This has turned out to be quite the interesting anime season. Not a great one by any means, but certainly unusual in that the best series (with some help from spring carryovers) have neatly arranged themselves by genre and demographic. We have a paragon example of a seinen, a sports anime, a classic shounen, a situation comedy, and in Akagami no Shirayukihime a shoujo fantasy. It may not be a great time for the genre-busting series, but what’s airing right now would make a pretty good anime textbook.
It’s pretty easy for Akagami no Shirayukihime to get lost in the shuffle, because it exercises a good deal of restraint in its storytelling and doesn’t try and compete in terms of flash. The visuals and music are stellar, but the narrative doesn’t reach out and grab you with the grand and the terrible. Rather, this is a more meditative experience. It’s no slice of life, but even when the plot is unsettled there’s never a sense of chaos or disorder.
In many ways, this was probably the most dramatic episode since the premiere. But Akagami seems to have mastered the art of depicting drama without being melodramatic. The judicious use of humor and the relative lack of histrionics (though the buffoonish Prince Raj tries his best) ensure that there’s always a peaceful air – even when the emotions in ascendancy are the negative ones, things feel more wistful than tragic.
The driver of the drama here is of course Prince Izana, Zen’s older brother. He’s a bit of an archetype character no doubt, but I’m not sure we’ve seen all there is to see of Izana’s character yet and I’m not sure he’s going to play a villain’s role. There’s no question things are tense between he and Zen, don’t get me wrong – Izana makes it clear from the moment he arrives that he outranks his brother, and that he doesn’t fully trust him. It’s plain he doesn’t approve of Zen’s “man of the people” style of governance, and he promptly takes Fort Laxdo out of his jurisdiction as punishment for Zen declining to punish the fort’s soldiers for what’s happened (knowing full well that’s punishing those soldiers just as much as punishing Zen).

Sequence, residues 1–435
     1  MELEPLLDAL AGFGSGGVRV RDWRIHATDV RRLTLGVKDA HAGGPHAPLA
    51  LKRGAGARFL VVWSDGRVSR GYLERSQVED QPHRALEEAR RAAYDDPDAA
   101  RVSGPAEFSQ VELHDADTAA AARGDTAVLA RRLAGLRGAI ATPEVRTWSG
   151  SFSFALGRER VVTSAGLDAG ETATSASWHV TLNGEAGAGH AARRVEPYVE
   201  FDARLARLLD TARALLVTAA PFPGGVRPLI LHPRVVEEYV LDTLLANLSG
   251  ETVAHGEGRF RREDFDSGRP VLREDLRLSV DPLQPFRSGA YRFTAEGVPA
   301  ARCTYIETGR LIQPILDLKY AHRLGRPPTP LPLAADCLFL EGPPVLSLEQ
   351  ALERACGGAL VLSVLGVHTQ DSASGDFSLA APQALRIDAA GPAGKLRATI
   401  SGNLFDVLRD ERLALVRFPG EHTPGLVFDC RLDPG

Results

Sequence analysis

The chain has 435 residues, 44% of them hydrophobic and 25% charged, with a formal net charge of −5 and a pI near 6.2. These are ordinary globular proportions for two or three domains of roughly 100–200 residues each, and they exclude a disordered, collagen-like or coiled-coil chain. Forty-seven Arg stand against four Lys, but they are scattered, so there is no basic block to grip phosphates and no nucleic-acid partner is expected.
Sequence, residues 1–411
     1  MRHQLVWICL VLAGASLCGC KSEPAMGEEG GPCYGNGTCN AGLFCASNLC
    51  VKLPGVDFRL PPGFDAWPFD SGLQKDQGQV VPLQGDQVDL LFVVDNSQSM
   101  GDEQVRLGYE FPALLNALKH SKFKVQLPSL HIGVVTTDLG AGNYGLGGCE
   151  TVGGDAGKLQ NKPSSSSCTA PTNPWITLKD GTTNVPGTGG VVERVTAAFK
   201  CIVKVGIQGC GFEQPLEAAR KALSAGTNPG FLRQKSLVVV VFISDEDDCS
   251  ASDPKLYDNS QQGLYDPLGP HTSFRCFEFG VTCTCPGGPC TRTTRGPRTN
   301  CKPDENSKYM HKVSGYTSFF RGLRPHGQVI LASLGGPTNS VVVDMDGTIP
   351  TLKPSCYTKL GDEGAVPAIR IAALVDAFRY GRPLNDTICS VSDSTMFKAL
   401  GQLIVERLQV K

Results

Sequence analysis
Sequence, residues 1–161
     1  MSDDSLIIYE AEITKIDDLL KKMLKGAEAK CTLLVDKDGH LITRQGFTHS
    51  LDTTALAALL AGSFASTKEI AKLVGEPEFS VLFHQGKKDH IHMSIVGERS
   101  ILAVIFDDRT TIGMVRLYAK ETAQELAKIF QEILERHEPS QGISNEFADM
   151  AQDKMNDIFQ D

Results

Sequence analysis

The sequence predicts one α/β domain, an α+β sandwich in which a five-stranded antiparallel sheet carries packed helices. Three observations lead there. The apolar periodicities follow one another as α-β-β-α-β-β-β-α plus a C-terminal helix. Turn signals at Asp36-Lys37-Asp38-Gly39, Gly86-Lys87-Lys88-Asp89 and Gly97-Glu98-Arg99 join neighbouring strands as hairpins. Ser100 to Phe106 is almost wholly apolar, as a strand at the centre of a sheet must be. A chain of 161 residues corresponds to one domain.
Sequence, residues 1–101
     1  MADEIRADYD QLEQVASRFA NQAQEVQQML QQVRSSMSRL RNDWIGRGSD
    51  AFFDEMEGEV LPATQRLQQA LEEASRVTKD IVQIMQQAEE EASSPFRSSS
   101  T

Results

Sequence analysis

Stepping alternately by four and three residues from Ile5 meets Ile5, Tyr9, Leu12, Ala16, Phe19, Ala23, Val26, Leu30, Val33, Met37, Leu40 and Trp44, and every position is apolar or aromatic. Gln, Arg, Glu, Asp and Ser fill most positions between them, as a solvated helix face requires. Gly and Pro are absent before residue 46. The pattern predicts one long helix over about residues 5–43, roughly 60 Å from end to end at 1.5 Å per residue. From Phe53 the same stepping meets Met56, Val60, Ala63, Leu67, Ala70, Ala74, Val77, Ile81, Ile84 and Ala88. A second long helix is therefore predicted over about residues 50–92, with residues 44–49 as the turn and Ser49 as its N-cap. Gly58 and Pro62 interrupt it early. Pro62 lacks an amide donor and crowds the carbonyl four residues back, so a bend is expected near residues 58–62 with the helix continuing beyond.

Izana may in fact have the best interests of the kingdom at heart, and may see what he’s doing as trying to steer Zen onto the right path. But it’s when he decides to use Shirayuki to test his brother that he’s actions come off as rather more sinister. He knows in detail what’s transpired between Raj, Shirayuki and Zen, and invites the clown prince of Tanburn to the castle to… Well – to what, exactly? To humiliate his brother – or to test him? To try and get Raj to take Shirayuki back to Tanburn? These are the actions of a manipulator, someone who prefers to compel others to do his bidding without ordering them to do so directly. And that clearly grates with Zen.
A few things are clear here. Raj wants no part of Shirayuki – not after the scare Zen put into him. And this is the limit past which Zen won’t be pushed – he’s generally deferential to his elder brother, but he pretty much openly defies him when it comes to Shirayuki. Raj’s misreading of the situation (that Zen and Shirayuki are lovers and she’s compelled to stay in Clarines) is what you’d expect from an idiot like him, but it highlights the real truth of the matter: Shirayuki doesn’t wish to be owned, and Zen doesn’t want her to be with him because she is. She wants to forge her own path and he wants to allow her, because both of them are convinced that path with eventually lead her to him. Izana and Raj don’t understand that, and Izana almost certainly doesn’t wish to – but villain or not, Shirayuki is the point at which the brothers’ differences become irreconcilable. And as such, there’s going to be some sort of reckoning between them sooner or later. And the way things are going, my money is on sooner…